Petition Urging Trump to Fire White House Counselor Kellyanne Conway Picks Up Steam After Hatch Act Violations

Citing repeated violations of ethics laws, a prominent Washington ethics watchdog on Friday launched a pressure campaign and petition aimed at booting Kellyanne Conway from her role as White House counselor.

Conway's "egregious violations, and her expressed disdain for the law, make clear that her removal is necessary to preserve the rule of law," reads the petition from Citizens for Responsibility and Ethics in Washington (CREW), a nonpartisan nonprofit that has launched numerous complaints against the Trump administration.

The petition argues that Conway "must not be allowed to continue using her official role to attack the President's political opponents and to show an open disdain for federal law without consequences."

The campaign was launched after an official federal watchdog recommended that Conway be removed from her post, citing violations of The Hatch Act, a 1939 law that bars almost all Executive branch employees—except the president and vice president—from campaigning while serving in an official capacity or "interfering with, or affecting, the result of an election or a nomination for office."

The report from the U.S. Office of Special Counsel (OSC)—not to be confused with Special Counsel Robert Mueller—outlined numerous instances in which Conway appeared to violate the law while making appearances on cable news.

On November 20, 2017, Conway appeared on Fox & Friends and discussed why Democrat Doug Jones, then a candidate for an Alabama U.S. Senate seat, should not be elected to office. On December 6, 2017, she appeared on CNN and gave an endorsement to Jones' opponent Roy Moore, who faced allegations of improperly touching young women and teens. (Moore has denied the allegations.)

"Ms. Conway's violations, if left unpunished, would send a message to all federal employees that they need not abide by the Hatch Act's restrictions," the report from the OSC stated. "Her actions thus erode the principal foundation of our democratic system — the rule of law."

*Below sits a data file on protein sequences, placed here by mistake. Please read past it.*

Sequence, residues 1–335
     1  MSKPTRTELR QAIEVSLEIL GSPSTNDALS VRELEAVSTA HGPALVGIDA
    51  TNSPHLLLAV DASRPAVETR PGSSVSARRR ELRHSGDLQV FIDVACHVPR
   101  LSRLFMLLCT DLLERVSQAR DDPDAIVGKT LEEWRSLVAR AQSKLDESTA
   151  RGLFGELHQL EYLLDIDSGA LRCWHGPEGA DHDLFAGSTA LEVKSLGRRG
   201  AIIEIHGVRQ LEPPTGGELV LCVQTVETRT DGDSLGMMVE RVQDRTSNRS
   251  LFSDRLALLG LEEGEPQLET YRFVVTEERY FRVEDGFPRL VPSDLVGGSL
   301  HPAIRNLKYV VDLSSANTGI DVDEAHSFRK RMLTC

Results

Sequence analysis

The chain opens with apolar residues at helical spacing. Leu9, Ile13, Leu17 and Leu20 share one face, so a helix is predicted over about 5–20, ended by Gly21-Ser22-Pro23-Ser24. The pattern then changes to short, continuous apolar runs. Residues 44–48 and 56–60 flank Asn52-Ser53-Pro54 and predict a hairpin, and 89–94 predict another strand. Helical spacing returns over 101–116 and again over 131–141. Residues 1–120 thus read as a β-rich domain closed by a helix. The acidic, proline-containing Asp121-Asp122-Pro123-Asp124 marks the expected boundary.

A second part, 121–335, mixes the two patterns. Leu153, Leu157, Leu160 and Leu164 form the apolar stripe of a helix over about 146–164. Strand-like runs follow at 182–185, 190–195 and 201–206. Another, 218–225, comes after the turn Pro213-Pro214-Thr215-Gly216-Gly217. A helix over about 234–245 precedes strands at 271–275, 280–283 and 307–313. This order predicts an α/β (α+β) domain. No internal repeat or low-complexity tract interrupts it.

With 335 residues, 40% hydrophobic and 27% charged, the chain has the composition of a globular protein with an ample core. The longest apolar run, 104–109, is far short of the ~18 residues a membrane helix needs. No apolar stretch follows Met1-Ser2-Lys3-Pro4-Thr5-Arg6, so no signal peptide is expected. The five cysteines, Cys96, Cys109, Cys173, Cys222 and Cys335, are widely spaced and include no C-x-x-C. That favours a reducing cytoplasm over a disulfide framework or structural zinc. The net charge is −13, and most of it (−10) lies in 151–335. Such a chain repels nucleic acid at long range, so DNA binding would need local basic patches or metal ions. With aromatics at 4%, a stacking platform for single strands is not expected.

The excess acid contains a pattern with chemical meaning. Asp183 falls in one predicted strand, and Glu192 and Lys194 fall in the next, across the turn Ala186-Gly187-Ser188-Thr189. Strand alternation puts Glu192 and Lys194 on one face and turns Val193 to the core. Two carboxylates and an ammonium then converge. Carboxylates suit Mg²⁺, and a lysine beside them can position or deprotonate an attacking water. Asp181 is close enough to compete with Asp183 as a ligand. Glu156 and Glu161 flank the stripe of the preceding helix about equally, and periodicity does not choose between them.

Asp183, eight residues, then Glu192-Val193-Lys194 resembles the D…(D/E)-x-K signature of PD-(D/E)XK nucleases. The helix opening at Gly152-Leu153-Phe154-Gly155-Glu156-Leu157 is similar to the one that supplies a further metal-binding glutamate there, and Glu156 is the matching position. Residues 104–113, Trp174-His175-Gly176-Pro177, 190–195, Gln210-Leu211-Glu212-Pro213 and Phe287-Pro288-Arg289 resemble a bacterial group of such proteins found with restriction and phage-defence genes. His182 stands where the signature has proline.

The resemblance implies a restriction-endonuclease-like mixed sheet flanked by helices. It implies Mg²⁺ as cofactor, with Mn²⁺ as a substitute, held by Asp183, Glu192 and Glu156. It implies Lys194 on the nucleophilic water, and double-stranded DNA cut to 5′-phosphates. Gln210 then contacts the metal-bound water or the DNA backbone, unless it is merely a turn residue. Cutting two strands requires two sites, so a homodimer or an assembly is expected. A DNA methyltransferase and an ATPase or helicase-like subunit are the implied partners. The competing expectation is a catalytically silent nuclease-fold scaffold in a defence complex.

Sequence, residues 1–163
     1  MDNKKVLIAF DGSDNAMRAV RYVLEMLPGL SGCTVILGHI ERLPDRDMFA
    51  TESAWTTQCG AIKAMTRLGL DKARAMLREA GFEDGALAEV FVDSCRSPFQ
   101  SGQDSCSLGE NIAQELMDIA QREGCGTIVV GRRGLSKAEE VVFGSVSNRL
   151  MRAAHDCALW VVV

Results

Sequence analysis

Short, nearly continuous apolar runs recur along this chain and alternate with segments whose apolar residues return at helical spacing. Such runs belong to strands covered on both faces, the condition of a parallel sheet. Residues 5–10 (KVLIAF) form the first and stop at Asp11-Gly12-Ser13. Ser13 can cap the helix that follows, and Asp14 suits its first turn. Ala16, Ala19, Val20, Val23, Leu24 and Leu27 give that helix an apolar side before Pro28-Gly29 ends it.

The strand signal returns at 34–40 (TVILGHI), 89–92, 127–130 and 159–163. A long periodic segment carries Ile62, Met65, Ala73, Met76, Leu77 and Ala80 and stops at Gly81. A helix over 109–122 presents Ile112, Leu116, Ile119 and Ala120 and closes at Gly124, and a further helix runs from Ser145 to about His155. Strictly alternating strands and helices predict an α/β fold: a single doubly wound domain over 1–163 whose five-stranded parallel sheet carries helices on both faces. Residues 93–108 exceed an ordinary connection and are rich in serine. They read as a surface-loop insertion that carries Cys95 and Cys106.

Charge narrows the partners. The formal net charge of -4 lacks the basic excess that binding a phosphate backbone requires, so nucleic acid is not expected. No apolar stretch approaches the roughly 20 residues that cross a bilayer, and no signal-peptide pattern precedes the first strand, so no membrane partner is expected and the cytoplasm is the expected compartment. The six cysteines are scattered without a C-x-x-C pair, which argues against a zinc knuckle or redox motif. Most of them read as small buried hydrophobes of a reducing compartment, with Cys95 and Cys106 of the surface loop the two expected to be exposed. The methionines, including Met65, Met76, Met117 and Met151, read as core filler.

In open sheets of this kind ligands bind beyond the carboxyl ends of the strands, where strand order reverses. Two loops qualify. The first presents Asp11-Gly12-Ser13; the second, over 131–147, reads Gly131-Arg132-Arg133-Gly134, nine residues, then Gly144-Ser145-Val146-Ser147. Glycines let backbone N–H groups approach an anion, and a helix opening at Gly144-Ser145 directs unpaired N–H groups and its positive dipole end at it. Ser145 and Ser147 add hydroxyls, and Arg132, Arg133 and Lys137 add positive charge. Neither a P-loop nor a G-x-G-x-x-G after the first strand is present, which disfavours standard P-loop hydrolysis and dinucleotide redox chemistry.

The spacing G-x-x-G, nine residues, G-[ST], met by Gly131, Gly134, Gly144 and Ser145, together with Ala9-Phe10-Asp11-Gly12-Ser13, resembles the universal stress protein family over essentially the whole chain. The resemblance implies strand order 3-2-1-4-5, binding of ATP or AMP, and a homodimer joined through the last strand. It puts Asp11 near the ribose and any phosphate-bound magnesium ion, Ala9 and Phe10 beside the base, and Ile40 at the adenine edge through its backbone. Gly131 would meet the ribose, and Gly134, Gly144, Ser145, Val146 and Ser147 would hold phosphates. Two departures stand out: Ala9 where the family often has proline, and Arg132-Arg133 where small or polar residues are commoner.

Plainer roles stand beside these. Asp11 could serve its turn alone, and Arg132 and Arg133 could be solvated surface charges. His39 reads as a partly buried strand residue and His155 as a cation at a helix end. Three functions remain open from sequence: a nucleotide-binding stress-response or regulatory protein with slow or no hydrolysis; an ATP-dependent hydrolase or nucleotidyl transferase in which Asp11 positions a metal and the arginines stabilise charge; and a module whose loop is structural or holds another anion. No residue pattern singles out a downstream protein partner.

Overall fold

The CREW petition, which had racked up more than 6,000 signatures by Saturday afternoon, is largely a symbolic effort. Ultimately, President Donald Trump must decide whether to remove Conway from her post and, so far, he has refused the recommendation.

"No, I'm not going to fire her," Trump told Fox News this week, when asked about the issue. "I think she's a terrific person."

It's not the first time Conway, who joined the Trump campaign in 2016, has been accused of flouting ethics rules. The White House aide first came under ethics scrutiny in 2017 when she publicly endorsed Ivanka Trump's clothing brand. What's more, her habit of releasing misinformation during cable news appearances has prompted some critics to blacklist her from shows, including the hosts of MSNBC's Morning Joe.

"Never has [the Office of Special Counsel] had to issue multiple reports to the president concerning Hatch Act violations by the same individual," wrote Special counsel Henry Kerner in a letter accompanying the report. "OSC respectfully requests that Mrs. Conway be held to the same standards as all other federal employees and, as such, you find removal from federal service to be the appropriate disciplinary action."

Conway, meanwhile, has yet to comment or acknowledge Kerner's findings.

: Counselor to President Donald Trump, Kellyanne Conway talks to reporters outside the White House May 01, 2019 in Washington, DC. Conway was interviewed at the same time that U.S. Attorney General William Barr was testifying before the Senate Judiciary Committee about special counsel Robert Muller's report. Chip Somodevilla/Getty Images